I do agree that if the feeling of manipulation is too strong or marked by the kinds of thoughts Corwin presents, it could be disruptive to an extent. I don't think it indicates there's something inherently "wrong" with the game unless it's exceptionally clumsy. I think it indicates that the game is making an attempt to draw the player into the dev's intended script. As I said in my comments, I see that as more of a positive challenge than a negative limitation, but that's me.

Where there's smoke, there's mirrors.
Last edited by magerette; January 8th, 2008 at 23:49.
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January 8th, 2008, 18:56
In the first act of Witcher did I feel manipulated? No the choices I made were part of the overall flow of how I went through the story up to that point. Yes I helped the townspeople but through those acts their dirty secrets were reveled. Was Abigail a saint no not even close but I guess if you have a choice of only hanging a murderer or one who is an accessory to murder I would have to chose the former.
This is one of may mutually exclusive choices you run in to in Witcher, that is what makes it such a fun experience.
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January 8th, 2008, 18:57
Originally Posted by GhanBuriGhan View Post
The game making choice - Are you talking about a Dungeon Master AI, multiplayer, or even Pen & Paper? I couldn't quite follow your meaning here.
In single player computer games the only source of collaboration available is the software. So I'm saying the software needs to provide collaboration and that that collaboration should be genuine.

Why the heck not? There are some awfully smart people out there, walking around, who would be willing to give it a shot. I once knew a guy who studied and taught computer science, mathematics and physics at Oxford for almost twenty years. He had two doctorates, a masters and an undergraduate degree and was looking for a new job.

Maybe I have no business asserting this, since I don't program. But I think the products we're seeing are more the result of design decisions than technical limitations. People who write product plans for these games assess us and decide we'll be easily satisfied.

Some, like the folks over at Bethesda, get pretty smug about it. We should wise up and demand more.

Oh, I wish I had a river I could skate away on. But it don't snow here. It stays pretty green. I'm going to make a lot of money, then I'm going to quit this crazy scene. — [Joni Mitchell]
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January 8th, 2008, 23:42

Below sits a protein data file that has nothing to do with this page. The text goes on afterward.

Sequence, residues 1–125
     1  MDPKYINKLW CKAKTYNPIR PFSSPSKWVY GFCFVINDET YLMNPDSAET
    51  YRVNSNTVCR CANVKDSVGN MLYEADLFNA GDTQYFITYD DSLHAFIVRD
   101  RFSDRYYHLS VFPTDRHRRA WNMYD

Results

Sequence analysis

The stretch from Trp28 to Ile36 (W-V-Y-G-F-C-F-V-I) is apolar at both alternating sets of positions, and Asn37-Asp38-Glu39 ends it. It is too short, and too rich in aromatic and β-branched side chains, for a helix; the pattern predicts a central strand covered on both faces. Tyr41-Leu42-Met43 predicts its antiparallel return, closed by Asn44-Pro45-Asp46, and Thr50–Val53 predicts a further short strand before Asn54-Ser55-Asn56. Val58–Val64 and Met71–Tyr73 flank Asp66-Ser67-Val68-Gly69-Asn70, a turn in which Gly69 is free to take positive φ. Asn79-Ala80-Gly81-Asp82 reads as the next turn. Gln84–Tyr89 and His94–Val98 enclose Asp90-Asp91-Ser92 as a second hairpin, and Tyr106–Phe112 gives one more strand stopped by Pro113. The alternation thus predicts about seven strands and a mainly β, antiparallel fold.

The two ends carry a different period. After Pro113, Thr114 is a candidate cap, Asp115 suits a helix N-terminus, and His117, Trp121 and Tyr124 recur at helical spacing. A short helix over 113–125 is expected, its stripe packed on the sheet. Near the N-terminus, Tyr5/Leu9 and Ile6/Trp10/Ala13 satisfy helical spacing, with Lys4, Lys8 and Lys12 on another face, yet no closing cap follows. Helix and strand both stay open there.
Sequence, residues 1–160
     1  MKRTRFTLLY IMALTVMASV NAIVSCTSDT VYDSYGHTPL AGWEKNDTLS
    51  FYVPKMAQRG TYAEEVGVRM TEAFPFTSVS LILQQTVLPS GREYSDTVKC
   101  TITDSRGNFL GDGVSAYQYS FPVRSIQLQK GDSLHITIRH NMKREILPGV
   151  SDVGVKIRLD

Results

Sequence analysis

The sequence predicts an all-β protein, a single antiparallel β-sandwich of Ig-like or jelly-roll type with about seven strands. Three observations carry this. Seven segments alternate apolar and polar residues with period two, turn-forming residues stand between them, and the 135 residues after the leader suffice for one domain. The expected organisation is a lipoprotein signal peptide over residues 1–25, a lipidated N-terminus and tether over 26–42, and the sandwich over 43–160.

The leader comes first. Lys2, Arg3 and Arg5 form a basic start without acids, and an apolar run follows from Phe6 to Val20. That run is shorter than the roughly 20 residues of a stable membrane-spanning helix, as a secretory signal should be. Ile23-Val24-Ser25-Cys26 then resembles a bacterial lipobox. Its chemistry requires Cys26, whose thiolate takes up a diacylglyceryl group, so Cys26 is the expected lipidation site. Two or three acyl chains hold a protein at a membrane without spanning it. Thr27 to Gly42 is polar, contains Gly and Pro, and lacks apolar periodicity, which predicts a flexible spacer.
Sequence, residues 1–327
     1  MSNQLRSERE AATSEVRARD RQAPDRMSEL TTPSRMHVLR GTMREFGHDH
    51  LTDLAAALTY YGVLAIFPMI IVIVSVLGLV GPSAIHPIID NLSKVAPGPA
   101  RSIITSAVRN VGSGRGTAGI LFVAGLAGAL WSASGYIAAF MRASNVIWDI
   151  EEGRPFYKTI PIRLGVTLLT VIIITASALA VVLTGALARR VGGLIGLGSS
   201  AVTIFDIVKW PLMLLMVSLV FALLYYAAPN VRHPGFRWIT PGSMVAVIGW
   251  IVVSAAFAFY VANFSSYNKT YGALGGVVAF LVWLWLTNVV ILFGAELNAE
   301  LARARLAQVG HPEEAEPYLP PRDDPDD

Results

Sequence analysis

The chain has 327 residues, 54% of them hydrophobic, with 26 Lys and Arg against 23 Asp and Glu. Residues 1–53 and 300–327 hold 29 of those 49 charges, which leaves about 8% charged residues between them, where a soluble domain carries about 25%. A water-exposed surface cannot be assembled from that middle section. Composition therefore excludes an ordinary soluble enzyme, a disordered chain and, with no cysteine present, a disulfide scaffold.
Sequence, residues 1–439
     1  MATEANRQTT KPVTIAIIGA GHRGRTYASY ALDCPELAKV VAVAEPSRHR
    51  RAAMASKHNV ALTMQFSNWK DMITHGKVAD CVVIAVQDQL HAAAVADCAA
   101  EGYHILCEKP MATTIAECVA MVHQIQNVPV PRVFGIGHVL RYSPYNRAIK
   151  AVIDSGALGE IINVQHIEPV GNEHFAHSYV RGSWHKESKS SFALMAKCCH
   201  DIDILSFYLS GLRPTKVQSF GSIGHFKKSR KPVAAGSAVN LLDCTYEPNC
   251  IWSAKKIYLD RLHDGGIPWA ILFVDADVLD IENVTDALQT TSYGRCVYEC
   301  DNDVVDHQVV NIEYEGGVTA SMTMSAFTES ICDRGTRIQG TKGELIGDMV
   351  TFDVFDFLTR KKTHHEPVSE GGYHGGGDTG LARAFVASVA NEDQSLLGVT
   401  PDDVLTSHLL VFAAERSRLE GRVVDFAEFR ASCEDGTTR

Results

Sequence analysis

As a case in point, many games have a certain "reactivity" when it comes to the game world: townspeople react when you clear out the kobold caves, or they'll offer a tidbit of customization if they've talked to you before - "Oh, it's you again. What do you want now, <charname>?" — but that's usually as far as the reactivity goes.

The Orc Army doesn't attack Inmesvale or set up camp in the Ruined Temple of Amaunator, if you've killed Firkraag or defeated the Shade Lord, respectively.

The instances of such reactivity need not be large, nor do they need be particularly well tied to the plot, nor would they even need to have far-reaching consequences. They need not be as complicated to program as a full-fledged romance, either. If you're lucky, you'll get a case where the army invading the Seer's camp in the underdark won't have mind flayers with it, if you've cleared out a certain area; very rarely can I think of a case where the reactivity of the game has been more proactive in nature.

That, I think, might be something worth exploring, if I were designing a game. I know the game is going to manipulate my actions: the more heavy plot-driven the game is, the more I'm going to be hemmed in, somehow. I accept that. If instead of giving me the feeling that it was merely the game designer doing the manipulating, though, I could feel like it was the antagonist that was doing the manipulating, I'd get a nifty little world-building illusion and an actually clever-seeming villain to boot, instead of the now-cliché "I'm too powerful to care about you, but when I do eventually realize that you're a threat to me, it'll be too late" passive Foozle. Mephistopheles in HotU was a manipulative villain, certainly, but it was utterly passive in relation to the PC. He never actually did anything to my character, or did anything in response to my character: his actions were set in stone no matter what I did. Every other game villain I can think of is exactly the same way.

One would have to choose one's events with care, I'd imagine, for subsets of reactions to all make sense within the current framework of the overall story, but I think it's something that could be done, particularly if such sets were kept small and their effects relatively localized…

… if one was interested in presenting a more reactive experience for the gamer. I don't see much evidence of that in the industry at present, though. If anything, story-driven games are tending more toward a movie-like experience.

Personally, I can still enjoy the regular Passive Foozle, and while the feeling of being manipulated by game designers, instead of something In Context, can be annoying, that feeling is mitigated by the inescapable knowledge of what I'm doing: Playing a game. I know it's not a real role-playing experience; it's a pre-programmed piece of software, and no matter how well they disguise it, there are only going to be so many things that I can do, and only so much influence I'm allowed to have. That's all right with me.